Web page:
On Sunday, Global Citizens across Australia watched in awe of Global Citizen Live — the 24-hour campaign and once-in-a-generation broadcast event that united artists, activists, world leaders and corporations to defend the planet and defeat poverty.

The actions taken by Global Citizens in the lead-up to, and during, the event helped lead to some unbelievably impactful announcements, thanks to partnerships between governments, philanthropists, non-governmental organisations and the private sector: 




The Sydney segment of the show was sandwiched between the Rio De Janeiro festival, global performances and the London show, and a couple of hours after the New York City and Los Angeles moments. For anyone who missed anything — and let’s be honest, there was a lot going on — we’ve compiled some of our favourite parts from Sydney. Check out all our best moments, and remember — the work isn’t done, so continue to take action with us to make the world a better, more equitable place. 

1. Hugh Jackman Explains Global Citizen’s Australian Origin 

Did you know the Global Citizen movement first started right here in Australia?

Fourteen years ago, CEO Hugh Evans lit up the sails of the Sydney Opera House with the words “Make Poverty History.” From humble beginnings down under to our Global Citizen Live event, the Global Citizen movement has mobilised over US$35 billion to help 1 billion people across the world fight poverty, hunger and disease.

We are proud of Australia’s integral role in the mission, and we are equally proud and thankful for Australian legend and Global Citizen Ambassador Hugh Jackman being by our side so many steps along the way.

2. Cathy Freeman Asks Global Citizens to Acknowledge Traditional Owners

Freeman, a proud Kuku Yalanji woman and the first Aboriginal and Torres Strait Islander person to win an individual Olympic medal, helped kick off the Sydney Global Citizen Live moment with a powerful acknowledgement of county.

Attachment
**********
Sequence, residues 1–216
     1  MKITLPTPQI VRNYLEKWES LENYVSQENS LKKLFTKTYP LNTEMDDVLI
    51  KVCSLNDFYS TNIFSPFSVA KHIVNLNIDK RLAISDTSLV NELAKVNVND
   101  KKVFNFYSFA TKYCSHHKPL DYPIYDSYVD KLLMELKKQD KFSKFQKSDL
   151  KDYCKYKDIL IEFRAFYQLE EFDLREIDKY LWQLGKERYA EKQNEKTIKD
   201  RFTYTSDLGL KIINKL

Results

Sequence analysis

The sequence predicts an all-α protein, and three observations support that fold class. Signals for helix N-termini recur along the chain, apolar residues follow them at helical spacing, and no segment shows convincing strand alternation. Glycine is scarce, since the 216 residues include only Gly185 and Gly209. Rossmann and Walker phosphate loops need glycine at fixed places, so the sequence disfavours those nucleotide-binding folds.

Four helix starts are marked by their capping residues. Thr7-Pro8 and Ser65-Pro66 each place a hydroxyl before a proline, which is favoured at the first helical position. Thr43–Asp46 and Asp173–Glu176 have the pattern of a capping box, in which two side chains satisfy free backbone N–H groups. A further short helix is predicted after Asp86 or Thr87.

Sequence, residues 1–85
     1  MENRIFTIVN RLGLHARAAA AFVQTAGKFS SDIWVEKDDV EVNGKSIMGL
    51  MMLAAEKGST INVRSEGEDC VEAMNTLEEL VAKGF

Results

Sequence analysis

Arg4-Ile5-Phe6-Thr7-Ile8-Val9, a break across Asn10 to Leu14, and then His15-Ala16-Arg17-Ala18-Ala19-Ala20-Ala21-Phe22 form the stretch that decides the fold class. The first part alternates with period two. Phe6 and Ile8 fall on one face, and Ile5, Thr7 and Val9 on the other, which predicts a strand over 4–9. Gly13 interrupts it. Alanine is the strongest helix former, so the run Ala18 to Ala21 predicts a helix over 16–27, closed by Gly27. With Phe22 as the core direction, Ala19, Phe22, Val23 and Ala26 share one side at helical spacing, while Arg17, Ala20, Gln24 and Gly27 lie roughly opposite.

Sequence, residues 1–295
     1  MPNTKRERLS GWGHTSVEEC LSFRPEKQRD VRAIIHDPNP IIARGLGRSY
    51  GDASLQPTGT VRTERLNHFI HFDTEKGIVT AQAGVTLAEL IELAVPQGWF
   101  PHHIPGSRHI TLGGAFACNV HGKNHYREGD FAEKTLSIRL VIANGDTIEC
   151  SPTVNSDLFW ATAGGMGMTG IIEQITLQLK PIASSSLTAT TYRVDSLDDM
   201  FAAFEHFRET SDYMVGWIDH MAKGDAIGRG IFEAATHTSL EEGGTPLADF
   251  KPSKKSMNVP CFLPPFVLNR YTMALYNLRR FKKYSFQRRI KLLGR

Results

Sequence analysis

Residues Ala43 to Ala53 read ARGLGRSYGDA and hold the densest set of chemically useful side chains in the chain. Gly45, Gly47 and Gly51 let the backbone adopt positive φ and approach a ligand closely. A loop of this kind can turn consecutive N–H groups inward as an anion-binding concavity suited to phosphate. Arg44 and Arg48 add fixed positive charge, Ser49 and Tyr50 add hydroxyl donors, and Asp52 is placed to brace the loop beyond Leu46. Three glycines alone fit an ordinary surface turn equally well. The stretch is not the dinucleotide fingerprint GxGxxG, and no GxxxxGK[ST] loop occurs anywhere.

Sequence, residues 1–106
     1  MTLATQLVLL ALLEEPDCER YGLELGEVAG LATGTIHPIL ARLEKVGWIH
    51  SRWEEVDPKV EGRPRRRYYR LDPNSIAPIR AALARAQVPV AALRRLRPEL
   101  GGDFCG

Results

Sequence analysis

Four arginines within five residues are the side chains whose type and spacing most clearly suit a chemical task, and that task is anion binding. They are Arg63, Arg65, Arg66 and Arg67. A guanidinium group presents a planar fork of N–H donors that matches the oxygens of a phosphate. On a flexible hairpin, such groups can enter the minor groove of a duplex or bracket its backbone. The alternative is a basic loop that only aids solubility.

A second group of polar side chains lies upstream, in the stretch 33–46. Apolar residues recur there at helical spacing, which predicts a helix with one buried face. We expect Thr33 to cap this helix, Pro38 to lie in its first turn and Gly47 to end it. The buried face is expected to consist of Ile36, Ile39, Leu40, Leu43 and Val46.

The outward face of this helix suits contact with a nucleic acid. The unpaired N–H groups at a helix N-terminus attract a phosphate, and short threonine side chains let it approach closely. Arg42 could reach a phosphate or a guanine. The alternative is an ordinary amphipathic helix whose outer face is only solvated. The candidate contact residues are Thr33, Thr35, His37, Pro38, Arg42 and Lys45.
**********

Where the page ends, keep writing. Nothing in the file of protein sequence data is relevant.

While paying respect to the Gadigal people of the Eora Nation, the traditional custodians of the land where the Sydney Opera House stands, Freeman also asked Global Citizens watching across the world to acknowledge every traditional owner across all lands. 

"Tonight we're asking that as a community of Global Citizens, no matter where you live on Earth, all of us acknowledge the lands where we come from,” she said.

3. Delta Goodrem Performs in Front of the Sydney Opera House 

Australia’s sweetheart performed her top hits “Keep Climbing,” “Born to Try” and “The Power,” as well as an incredible cover of the Queen song “The Show Must Go On.” Her performances were made even more special by the fact that Goodrem was singing and playing the piano in front of the Sydney Opera House, which was lit up specifically in honour of Global Citizen Live. She was joined by an array of accompanying musicians, including Kieren Ledwidge on violin and Jack Hickey on didgeridoo.

"We’ve got the power to change the world, to make a difference, it’s up to us to lead with love,” she said. “We can make a difference and make things better for the future. [I’m] so inspired and moved by everyone around the world coming together to make a change. Take action.”  

4. UNICEF Australia Calls on Australian Businesses to Support Vaccinations

UNICEF Australia CEO Tony Stuart recorded a special message for Global Citizen Live from lockdown in Australia, which was then streamed to the world during the global show. During his message, Stuart spoke about how Australian businesses have stepped up to support COVAX, a global partnership dedicated to equitable COVID-19 vaccine distribution. Business have been pushed to support, Stuart clarified, thanks to UNICEF Australia’s Vaccination Alliance. Stuart then called on every Australian business across the nation to unite in the fight to end the pandemic for good.